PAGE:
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New Gaming Build for My Son

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MotherBear

New Member
Joined
Jun 18, 2016
Hi everyone,

Looking to build a high-end gaming PC for my son and I. My son also wants to record videos for Youtube and stream live. Hoping to get some advice/suggestions from the community as everything listed here is my son's idea and I would like to make sure that these parts will work well together.

The price range I'm looking at spending is approximately $2,000.00

CPU: Intel Core i7-5930K 6-Core 3.50Ghz
GPU: MSI GTX 980TI Gaming 6GB
(Display is still 1920x1080, but will move up to 4k in the near future, can this handle 4k with good FPS?)

Motherboard: Asus ROG Rampage V Extreme/U
or
Motherboard: MSI Gaming X99A Godlike Gaming LGA 2011-v3

Memory: Corsair Vengeance LPX 16GB (4x4GB) DDR4 2800Mhz
M.2 Storage: Samsung 850 EVO 250GB M.2-2280
SSD Storage: Samsung 850 EVO 2.5" 500GB
HD: WD Black Series 3TB 7200RPM
Cooling: Corsair Hydro Series H110i GT 280mm Liquid CPU Cooler

Parts that my son already owns:

PSU: Corsair Professional Gold 1200W 80+ Gold
Case Phantom 820 Gunmetal
Windows 10

As for the CPU should I stick with the i7-5930k or remake the build around the new 6th Generation processors? I'm not sure which is better for gaming and thinking about future proofing a little as well.

Alright that's about it I think...Thank you all for your time in reading this.

I look forward to reading your thoughts and opinions.

Thank you in advance for your help in this and I look forward to reading your comments!
 

trents

Senior Member
Joined
Dec 27, 2008
The i7-5930K will is the best choice for the combination of computing tasks you mention.

I would go with the ASUS motherboard as ASUS builds higher quality stuff than does MSI.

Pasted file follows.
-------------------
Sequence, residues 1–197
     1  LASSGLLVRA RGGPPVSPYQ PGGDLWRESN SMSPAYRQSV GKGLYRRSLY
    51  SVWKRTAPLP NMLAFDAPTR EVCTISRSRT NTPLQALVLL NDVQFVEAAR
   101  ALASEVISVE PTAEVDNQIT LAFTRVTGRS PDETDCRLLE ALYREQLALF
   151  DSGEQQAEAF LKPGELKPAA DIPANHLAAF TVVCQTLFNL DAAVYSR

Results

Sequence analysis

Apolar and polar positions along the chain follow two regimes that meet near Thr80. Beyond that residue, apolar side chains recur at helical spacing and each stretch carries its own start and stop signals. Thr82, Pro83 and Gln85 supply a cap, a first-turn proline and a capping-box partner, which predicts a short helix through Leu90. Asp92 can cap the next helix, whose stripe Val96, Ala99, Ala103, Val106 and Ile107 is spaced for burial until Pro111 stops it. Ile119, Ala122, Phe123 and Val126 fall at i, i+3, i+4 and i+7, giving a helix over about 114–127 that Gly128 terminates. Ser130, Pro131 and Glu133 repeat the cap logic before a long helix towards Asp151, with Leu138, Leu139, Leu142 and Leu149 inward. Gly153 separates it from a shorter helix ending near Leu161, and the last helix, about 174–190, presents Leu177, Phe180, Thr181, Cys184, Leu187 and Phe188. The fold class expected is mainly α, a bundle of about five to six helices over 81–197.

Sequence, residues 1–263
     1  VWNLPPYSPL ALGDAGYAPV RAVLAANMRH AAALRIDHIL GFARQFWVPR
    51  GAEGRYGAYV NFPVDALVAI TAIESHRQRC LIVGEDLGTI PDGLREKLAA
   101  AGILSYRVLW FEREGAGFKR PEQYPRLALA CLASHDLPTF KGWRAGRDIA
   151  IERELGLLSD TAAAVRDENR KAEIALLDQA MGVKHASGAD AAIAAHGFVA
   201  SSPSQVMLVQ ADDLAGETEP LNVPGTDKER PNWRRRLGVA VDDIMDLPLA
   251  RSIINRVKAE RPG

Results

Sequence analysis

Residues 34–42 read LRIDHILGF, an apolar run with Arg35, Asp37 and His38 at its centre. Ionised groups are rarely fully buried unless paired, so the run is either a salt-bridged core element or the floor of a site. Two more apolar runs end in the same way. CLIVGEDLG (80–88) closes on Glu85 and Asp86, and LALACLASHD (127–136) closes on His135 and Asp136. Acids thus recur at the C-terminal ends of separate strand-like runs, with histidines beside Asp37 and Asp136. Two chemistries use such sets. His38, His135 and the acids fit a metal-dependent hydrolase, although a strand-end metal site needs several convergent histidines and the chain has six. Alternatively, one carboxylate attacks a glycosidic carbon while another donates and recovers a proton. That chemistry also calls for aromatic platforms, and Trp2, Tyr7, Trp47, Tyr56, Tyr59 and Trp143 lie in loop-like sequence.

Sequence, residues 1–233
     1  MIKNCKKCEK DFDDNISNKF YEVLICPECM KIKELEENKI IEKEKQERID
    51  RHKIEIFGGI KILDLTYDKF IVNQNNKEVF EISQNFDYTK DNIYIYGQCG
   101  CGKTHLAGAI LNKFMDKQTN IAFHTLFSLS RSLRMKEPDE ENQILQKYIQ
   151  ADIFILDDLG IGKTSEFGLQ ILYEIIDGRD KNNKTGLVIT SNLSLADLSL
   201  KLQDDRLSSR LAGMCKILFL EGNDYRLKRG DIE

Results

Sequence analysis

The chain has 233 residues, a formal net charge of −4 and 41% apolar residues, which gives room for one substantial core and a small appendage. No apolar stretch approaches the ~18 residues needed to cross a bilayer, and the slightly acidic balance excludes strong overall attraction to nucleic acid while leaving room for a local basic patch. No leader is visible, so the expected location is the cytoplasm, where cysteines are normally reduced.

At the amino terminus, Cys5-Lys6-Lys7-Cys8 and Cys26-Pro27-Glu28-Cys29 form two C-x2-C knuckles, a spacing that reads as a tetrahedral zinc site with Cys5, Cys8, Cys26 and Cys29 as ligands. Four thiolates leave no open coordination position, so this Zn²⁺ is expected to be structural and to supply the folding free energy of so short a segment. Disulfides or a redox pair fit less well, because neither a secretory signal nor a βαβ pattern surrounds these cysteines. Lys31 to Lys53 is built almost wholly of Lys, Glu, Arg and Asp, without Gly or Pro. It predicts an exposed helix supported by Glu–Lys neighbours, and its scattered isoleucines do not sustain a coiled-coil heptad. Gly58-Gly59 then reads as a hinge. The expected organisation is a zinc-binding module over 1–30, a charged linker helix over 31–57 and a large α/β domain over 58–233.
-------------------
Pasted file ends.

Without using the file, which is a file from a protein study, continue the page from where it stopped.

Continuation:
If the extra cost is not prohibitive I would definitely recommend a change in the storage from m.2 sata to m.2 PCIE. The Asus board supports it and it is way faster than m.2 SATA. Lot more bandwidth.

If he will be overclocking the CPU I would recommend going with a 3x120 fan water cooling system. http://www.newegg.com/Product/Product.aspx?Item=N82E16835106241. I believe the case supports a 3x120 configuration.

And the video card, Nvidia has recently come out with a newer, more powerful gaming card (GTX 1080 series) than the 980ti and with his intention to go 4k I would check the new card out.
 
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Tír na nÓg

Member
Joined
Sep 19, 2015
I'd grab a 5820k (no SLI planned, so no need of the extra PCI lanes the 5930k offers), and put the extra cash into a GTX 1080: better handling of 4K gaming.

And if you plan on adding a second 1080 in the future, having PCIe-3 working at 8x/8x won't make any noticeable differnce outside of benchmarking.
 

EarthDog

Gulper Nozzle Co-Owner
Joined
Dec 15, 2008
Location
Buckeyes!
I would go with a 5820K as well considering no SLI, etc. No need for the lanes.

I also suggest getting a MUCH less pricey board. No need for such a high end thing(s)... something like MSI Gaming M5/Gigabyte Gaming M5/Asus Pro Gamer, etc. will be plenty of board for your uses.